Found at all local convenience stores, these cards require a $6 (4.50 USD) refundable deposit and can be loaded online with Monthly Passes, Day Passes, and in pre-determined amounts like $10 (7.55 USD) and $20 (15.10 USD). Before leaving the city, head to TransLink’s customer service center at Waterfront Station to get your $6 refundable deposit back and any credit remaining on your card.

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Three rapid transit SkyTrain lines serve Metro Vancouver, making this a handy way to reach regions beyond downtown. This automated transit system conveniently connects to bus routes, as bus stops, and can be found outside most stations. The Canada Line connects downtown Vancouver with Richmond and the Vancouver International Airport. The Expo Line runs southeast and links downtown Vancouver with the cities of Burnaby, New Westminster, and Surrey, while the Millennium Line runs east and travels from East Vancouver through Burnaby to Port Moody and Coquitlam.

Connecting hubs like Waterfront Station and Commerical allow passengers to transfer between lines, while Waterfront Station also connects passengers to the SeaBus and West Coast Express, a commuter rail service that travels between downtown and Mission City.

INSIDER TIPSkyTrains run regularly on weekdays between 5 a.m. and 1:30 a.m. and between 6 a.m. and 1:30 a.m. on Saturdays. SkyTrains operate between 7 a.m. and 12:30 a.m. on Sundays and on public holidays.


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The buses link municipalities in Metro Vancouver and are equipped with bike racks at the front for those combining biking and transit. Though the bus network spans three zones, passengers only pay for a one-zone fare when only riding on the bus.

INSIDER TIPService runs regularly between 5 a.m. and 1 a.m., with a limited NightBus service that operates between 1 a.m. and the first bus in the morning.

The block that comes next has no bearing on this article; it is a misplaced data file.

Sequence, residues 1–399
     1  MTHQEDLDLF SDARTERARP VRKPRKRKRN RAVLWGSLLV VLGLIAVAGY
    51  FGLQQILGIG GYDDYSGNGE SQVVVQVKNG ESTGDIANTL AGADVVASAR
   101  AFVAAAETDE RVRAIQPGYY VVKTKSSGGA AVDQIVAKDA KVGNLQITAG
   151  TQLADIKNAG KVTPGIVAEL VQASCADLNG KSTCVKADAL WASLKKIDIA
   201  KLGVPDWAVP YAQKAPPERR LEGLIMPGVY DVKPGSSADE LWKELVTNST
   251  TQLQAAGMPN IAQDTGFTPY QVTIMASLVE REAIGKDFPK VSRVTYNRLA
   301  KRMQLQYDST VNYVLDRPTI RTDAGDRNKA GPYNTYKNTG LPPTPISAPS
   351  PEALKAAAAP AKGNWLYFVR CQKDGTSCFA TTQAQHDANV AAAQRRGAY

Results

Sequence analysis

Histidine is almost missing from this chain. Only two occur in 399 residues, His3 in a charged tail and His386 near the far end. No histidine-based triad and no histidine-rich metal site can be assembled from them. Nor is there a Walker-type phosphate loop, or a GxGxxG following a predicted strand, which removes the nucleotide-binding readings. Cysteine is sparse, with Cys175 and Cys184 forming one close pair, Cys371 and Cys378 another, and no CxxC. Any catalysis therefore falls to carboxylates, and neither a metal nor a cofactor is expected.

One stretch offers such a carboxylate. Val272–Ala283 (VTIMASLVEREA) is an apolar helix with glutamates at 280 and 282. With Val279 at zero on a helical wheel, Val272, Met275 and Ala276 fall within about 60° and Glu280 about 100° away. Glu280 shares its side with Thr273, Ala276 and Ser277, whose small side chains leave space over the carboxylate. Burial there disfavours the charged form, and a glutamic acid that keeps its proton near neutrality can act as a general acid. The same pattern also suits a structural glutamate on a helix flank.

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The 385-seat passenger ferry connects downtown Vancouver to Lonsdale Quay in North Vancouver, a gathering spot and hub for over 60 locally owned businesses and restaurants. Crossing the Burrard Inlet, the 12-minute ride provides a scenic view of downtown’s skyline and can be an affordable way to experience the city’s waterways.

INSIDER TIPThe SeaBus departs every 15 minutes during peak hours between 6:16 a.m. to 1:22 a.m. Monday to Saturday and between 8:16 a.m. and 11:16 a.m. on Sundays and on holidays.


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Rideshare and Cabs

Both Uber and Lyft operate in Vancouver, which can be handy for short trips. While it’s possible to hail cabs on the street in busy areas like downtown and Yaletown, calling ahead of time is recommended. Companies like Black Top & Checker Cabs, Yellow Cab, and Vancouver Taxi are some of Vancouver’s most prominent.

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Ferry Service

Privately owned ferry services by Aquabus and False Creek Ferries provide short 25-minute sightseeing tours and commuter service, which link downtown and Yaletown to destinations along False Creek, like Granville Island, David Lam Park, and Science World. These ferries are wheelchair, bike, and stroller-friendly, making it an accessible way for everyone to experience Vancouver’s landmarks by water.